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Immigrants Guide to Navigating American Health Care

In many countries, health care coverage isn’t a luxury. It’s a right.

In Mexico, for example, Seguro Popular offers even impoverished citizens access to preventive care, including vaccines and health care screenings. You also have coverage for catastrophic illness.

The United States is a little different.

We don’t offer universal coverage to all citizens in the United States. That means moving here means becoming a savvy health care consumer. You can start by learning the lingo doctors and health care companies use to describe the work they do. (Learn more)

You’ll use that terminology to help you:

  • Find a health insurance policy that’s right for you. (Learn more)
  • Connect with a doctor who manages your care. (Learn more)
  • Get vaccines you need to prevent disease. (Learn more)
  • Access health screenings to prevent some illnesses. (Learn more)

Sometimes, the care you access comes with a bill. (Learn more) But you can use your insurance plan to help you save money on medical care. (Learn more)

Insurance Terms to Know

Health insurance is complicated. Technical terms distill key concepts into a few phrases, so your paperwork is shorter. In time, you can learn to understand what’s said or written about your health insurance.

But don’t be embarrassed if it doesn’t make sense right now. Most Americans who grew up in the system have questions. For example,

With a little study, you could be different.

These are the top terms you should understand right now, as you enter the American Health Care system:

  • Deductible: The yearly amount you pay before your insurance company starts paying. Some plans don’t come with deductibles. Others do.
  • Coinsurance: You’ve paid your deductible in full, and your insurance starts paying. Sometimes, you have to chip in a little too. That fee is your coinsurance payment.
  • Explanation of benefits: How much did a visit cost? How much did the company pay, and what’s left on your bill? All of that data is in an explanation of benefits, or EOB.
  • Health savings account (HSA): Think of this as a special savings account made just for your health care expenses. You put money in before your salary is assessed for taxes.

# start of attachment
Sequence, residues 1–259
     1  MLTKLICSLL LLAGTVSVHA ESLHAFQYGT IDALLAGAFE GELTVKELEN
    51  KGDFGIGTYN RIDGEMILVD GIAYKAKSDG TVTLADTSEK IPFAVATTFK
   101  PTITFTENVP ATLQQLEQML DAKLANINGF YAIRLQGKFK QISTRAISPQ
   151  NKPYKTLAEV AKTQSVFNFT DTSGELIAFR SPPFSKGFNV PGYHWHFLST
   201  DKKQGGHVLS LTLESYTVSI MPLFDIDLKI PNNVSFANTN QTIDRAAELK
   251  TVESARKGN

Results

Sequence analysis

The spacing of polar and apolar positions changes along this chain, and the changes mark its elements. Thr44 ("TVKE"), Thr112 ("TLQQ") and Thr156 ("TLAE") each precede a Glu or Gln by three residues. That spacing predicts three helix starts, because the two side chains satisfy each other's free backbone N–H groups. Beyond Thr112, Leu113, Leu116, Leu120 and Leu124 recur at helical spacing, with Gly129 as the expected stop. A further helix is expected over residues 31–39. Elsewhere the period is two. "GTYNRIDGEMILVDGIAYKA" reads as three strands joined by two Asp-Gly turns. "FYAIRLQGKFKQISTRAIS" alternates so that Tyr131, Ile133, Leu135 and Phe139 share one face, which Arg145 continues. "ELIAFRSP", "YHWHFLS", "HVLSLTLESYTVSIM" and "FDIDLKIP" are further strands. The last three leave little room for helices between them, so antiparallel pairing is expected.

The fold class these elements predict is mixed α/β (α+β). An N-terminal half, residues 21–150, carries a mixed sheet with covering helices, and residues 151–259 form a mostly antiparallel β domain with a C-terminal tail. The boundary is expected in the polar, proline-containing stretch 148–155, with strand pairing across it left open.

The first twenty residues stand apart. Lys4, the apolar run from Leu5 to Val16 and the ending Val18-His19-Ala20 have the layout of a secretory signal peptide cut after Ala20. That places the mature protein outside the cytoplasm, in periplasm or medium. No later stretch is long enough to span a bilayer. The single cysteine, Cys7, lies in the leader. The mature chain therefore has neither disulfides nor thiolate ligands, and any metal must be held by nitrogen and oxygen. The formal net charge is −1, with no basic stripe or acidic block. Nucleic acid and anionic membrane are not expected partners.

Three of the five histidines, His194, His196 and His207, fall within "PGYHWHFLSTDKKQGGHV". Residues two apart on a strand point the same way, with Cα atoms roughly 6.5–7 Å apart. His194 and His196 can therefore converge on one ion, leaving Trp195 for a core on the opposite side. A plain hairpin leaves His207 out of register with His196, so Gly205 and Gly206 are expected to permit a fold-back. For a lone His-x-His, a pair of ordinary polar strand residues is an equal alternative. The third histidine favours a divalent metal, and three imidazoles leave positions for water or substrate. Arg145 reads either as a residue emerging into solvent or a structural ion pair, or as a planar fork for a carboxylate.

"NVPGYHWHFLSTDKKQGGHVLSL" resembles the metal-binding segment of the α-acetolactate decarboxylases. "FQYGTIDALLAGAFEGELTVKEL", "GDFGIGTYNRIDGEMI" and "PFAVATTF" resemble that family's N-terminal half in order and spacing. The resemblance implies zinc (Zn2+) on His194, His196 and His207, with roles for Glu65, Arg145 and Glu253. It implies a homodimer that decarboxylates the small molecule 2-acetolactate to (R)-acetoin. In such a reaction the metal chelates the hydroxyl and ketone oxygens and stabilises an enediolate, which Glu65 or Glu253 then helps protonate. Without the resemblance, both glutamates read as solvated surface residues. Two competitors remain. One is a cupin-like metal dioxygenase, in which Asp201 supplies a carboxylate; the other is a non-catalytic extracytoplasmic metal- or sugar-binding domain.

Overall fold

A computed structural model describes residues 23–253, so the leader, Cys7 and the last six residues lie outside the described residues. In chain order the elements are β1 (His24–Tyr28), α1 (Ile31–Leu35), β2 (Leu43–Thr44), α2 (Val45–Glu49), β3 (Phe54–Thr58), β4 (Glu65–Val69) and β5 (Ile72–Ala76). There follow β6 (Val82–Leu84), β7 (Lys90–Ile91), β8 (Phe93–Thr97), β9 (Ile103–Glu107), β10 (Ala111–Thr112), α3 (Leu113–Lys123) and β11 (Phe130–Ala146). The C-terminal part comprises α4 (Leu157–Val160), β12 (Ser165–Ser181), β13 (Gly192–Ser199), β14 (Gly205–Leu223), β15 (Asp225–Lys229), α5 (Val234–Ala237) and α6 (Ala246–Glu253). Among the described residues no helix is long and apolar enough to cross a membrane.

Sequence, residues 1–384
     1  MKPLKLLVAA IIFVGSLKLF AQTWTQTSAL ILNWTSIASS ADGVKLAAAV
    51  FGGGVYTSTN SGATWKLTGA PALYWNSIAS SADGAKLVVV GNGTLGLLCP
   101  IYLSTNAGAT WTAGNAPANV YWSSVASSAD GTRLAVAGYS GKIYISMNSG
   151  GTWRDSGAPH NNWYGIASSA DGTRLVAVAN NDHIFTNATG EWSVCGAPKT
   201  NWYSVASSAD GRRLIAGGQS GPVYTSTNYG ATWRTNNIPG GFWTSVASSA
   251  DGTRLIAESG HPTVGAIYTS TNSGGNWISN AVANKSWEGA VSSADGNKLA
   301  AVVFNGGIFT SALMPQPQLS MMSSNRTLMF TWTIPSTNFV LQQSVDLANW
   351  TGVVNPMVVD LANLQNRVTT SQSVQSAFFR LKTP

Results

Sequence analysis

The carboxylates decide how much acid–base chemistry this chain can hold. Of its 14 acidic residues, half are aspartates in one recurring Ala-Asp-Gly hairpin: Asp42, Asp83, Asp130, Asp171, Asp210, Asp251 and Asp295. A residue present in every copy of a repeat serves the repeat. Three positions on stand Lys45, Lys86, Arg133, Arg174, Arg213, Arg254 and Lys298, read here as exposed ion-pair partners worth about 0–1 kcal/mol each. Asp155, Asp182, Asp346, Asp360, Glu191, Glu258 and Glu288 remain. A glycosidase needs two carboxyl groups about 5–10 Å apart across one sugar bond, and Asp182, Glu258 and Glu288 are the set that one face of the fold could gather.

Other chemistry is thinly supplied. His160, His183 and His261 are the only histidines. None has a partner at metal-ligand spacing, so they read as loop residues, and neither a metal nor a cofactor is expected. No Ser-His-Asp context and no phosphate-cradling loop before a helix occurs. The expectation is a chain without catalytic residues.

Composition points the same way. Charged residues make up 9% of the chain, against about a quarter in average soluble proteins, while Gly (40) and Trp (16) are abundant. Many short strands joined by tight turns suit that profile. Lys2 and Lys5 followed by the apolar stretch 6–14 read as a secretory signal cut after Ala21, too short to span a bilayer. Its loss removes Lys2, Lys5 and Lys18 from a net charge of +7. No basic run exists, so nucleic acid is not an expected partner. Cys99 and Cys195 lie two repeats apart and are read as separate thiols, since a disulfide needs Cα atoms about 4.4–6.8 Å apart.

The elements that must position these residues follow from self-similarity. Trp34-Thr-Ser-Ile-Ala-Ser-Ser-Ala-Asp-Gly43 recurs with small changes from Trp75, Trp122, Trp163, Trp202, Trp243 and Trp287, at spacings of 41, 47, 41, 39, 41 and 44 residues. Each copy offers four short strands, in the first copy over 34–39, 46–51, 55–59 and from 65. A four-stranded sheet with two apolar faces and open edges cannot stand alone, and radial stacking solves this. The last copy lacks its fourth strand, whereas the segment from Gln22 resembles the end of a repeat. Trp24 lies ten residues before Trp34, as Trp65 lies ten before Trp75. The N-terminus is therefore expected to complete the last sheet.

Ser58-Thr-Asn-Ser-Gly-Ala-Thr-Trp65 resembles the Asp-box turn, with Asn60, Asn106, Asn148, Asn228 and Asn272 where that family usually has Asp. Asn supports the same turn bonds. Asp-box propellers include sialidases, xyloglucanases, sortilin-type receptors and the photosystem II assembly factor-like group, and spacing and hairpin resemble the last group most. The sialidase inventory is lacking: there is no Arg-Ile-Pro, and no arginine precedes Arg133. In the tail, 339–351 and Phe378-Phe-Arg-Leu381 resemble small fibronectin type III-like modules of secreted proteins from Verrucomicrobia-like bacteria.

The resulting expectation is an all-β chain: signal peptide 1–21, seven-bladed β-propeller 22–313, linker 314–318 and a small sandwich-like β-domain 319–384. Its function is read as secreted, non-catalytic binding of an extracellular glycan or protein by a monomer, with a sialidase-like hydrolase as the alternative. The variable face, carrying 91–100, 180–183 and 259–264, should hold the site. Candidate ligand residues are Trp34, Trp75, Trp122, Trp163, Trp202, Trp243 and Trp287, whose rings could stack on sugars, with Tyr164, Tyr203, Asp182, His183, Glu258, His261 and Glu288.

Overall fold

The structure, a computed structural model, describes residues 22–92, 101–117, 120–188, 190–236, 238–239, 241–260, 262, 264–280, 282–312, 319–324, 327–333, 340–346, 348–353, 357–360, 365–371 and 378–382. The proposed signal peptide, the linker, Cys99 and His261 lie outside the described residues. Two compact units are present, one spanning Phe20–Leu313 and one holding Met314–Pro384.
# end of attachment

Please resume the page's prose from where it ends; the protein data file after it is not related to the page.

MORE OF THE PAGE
• Out-of-pocket maximum: This number represents the highest fee you’ll pay in a year for coinsurance, deductibles, and other expenses.
  • Premium: This is your fee for insurance. You must pay it to keep your plan active, and it doesn’t apply toward your deductible or your out-of-pocket maximum.
  • Network: Some health insurance companies make agreements with doctors, hospitals, and clinics. The insurance company will send patients there, and the health care providers will charge less. Everyone who agreed to this plan is in a network. If you choose someone else, you might have a bigger bill.
  • Primary care provider (PCP): Think of this person as a gatekeeper. You see this person first before you get any kind of medical care.
  • Health maintenance organization (HMO): This type of plan uses a network, and you’re required to have a PCP.
  • Preferred provider organization (PPO): You can get care from anyone with this plan, and you often don’t need to see a PCP first. But you’ll pay less if you work with doctors in the network.
  • Medicare: This is federal health insurance for the disabled and people 65 and older. You have to work in the United States in a qualified job for a while before you can enroll.
  • Medicaid: This form of health insurance is for low-income individuals. It’s funded at the state and federal level. Every state has different enrollment criteria.
  • Health insurance marketplace: Americans often have health insurance through their employers. If you don’t, you can use this platform to enroll in insurance. In some parts of the country, the platform is run by the states. In others, it’s run by the government.
  • Open enrollment: These are the time periods when you can sign up. They’re common for Medicare, workplace insurance, and marketplace plans.
  • Qualifying event: A big life issue, such as changing jobs or moving, could help you skip open enrollment and get covered.

How to Find Insurance

Now that you understand the terminology insurance companies use, you can be a smart shopper for yourself and your family.

Every American should have a health insurance plan, and most do. According to the

You can start your search by:

  • Asking your employer. More than half of all Americans get insurance through their jobs, researchers say. If you work fulltime for a large company, your benefits should include health insurance. If you only work part-time or the company you work for is very small, that may not be true. But if you can get insurance through work, it’s a good option. Some of your costs will be covered by your company.
  • Asking your caseworker. Did a government official get assigned to help you make the switch from your country to this one? Ask about enrollment in Medicaid, either for you or your family. You might be eligible for benefits.
  • Researching the marketplace. If you don’t have insurance through work and you’re not eligible for Medicaid, you can still get coverage. Visit the government website, type in the state you’re living in, and you’ll head to an enrollment page.